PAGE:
These people have gathered around them a few others who are bitter and harbor an unabiding resentment of Scientology and what it stands for and for their own failures in the Church. They view the Church as their ‘lottery ticket’ and pursue their jackpot with lies and threats at the expense of the millions of happy and satisfied members who support the Church with their time and donations. The Aznarans and Youngs are joined in that pursuit by the likes of Hana Whitfield, Andre and Mary Tabayoyon, Larry Wollersheim, Steve Fishman and Gerry Armstrong. Though they either do not know David Miscavige, or had some remote contact with him many years ago, they are willing to make vindictive allegations, not based on personal knowledge or the truth, and defame him personally and as the leader of the religion. The tactic is as transparent as it is unconscionable—spread venom in the hope that the victims of the hate campaign will eventually be forced to buy their silence so the Church can get on with its real purpose of expanding the Scientology religion and helping more people. (See Michael Rinder Declaration of April 11, 1994 )
Rinder’s Sworn Testimony, January 2015
In Rinder’s deposition of January 6, 2015, he admitted to the truthfulness of declarations he made supporting the Church and its leader while he was in the Church:
Q. In paragraph 23 you go on to say: “As I work with him often, know many of the people that know him, I’m aware of the high regard in which he,” meaning Mr. Miscavige, “is held by Scientologists and those he comes in contact with. I've never heard a negative statement made about him by anyone, other than those who seek to extort money from the church. It really is simple.” That was a true statement, wasn’t it, sir?
A. Yes, absolutely. …
Q. And so you were testifying truthfully about your feelings for Mr. Miscavige and the admiration which he [enjoyed] among the parishioners of the Church, is that fair?
A. Absolutely. …
Q. “It is because he has demonstrated time and time again his integrity and selfless willingness to serve for the good of others that he enjoys the support of the staff and parishioners of the Scientology religion.” That’s true, isn’t it?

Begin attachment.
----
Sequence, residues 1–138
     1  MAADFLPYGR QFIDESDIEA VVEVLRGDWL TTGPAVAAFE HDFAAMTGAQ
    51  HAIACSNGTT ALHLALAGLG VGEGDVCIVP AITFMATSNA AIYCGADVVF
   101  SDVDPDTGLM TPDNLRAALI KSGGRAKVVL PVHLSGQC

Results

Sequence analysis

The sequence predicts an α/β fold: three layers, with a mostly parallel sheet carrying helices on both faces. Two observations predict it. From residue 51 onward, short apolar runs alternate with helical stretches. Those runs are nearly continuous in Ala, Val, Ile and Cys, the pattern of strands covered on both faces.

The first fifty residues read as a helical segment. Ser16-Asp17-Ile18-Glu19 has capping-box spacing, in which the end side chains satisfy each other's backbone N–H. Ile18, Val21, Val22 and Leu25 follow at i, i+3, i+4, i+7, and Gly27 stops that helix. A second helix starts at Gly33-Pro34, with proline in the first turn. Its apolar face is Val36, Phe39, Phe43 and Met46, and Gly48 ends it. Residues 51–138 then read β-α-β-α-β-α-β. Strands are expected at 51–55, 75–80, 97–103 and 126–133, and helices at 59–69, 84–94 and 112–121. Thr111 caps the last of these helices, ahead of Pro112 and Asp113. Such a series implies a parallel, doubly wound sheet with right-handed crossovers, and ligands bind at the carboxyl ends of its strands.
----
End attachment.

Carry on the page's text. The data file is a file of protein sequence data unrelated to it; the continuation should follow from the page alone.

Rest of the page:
A. Oh, absolutely.
Rinder further testified in this deposition that during his tenure in the Church he was familiar with litigation brought by plaintiffs with meritless causes, and that those individuals were “getting together and making false accusations against the Church and corroborating one another.” In doing so, Rinder perfectly described what he and Rathbun are now doing. And it’s impossible for either to deny it.
Even more shocking is Rinder’s current relationship with another source for Lawrence Wright, the attorney Graham Berry. It was Mr. Berry who filed court documents falsely alleging that Mr. Miscavige had murdered his own mother-in-law. When questioned about this in his recent deposition, Rinder said:
A. This primarily, and you will see in here, the subject of these spiteful allegations and falsehoods was that David Miscavige had been somehow involved in the death—the death of his mother-in-law, Shelly’s mother, and to this day I do not believe that that is true and I think that that’s a terrible allegation to make about someone that is not only not true, is spiteful and misleading, and I would say that today. I do not believe that David Miscavige had any involvement with the death of his mother-in-law. I will—no one will ever convince me otherwise and I would never say otherwise. These people were saying that and I disagreed with that.
Yet today Rinder is Facebook friends with Graham Berry, the disgraced attorney who made these claims against Mr. Miscavige. Since Berry is a source for Wright’s book of anti-Scientology diatribes, Rinder apparently now has no problem with Wright’s use of Berry’s false allegations, as long as they defame the Church.
Here is what Rinder swore to in 1994, which he recently testified under oath remains truthful:
While these so-called experts have no personal knowledge concerning David Miscavige, I do. I have known and worked with him since 1976.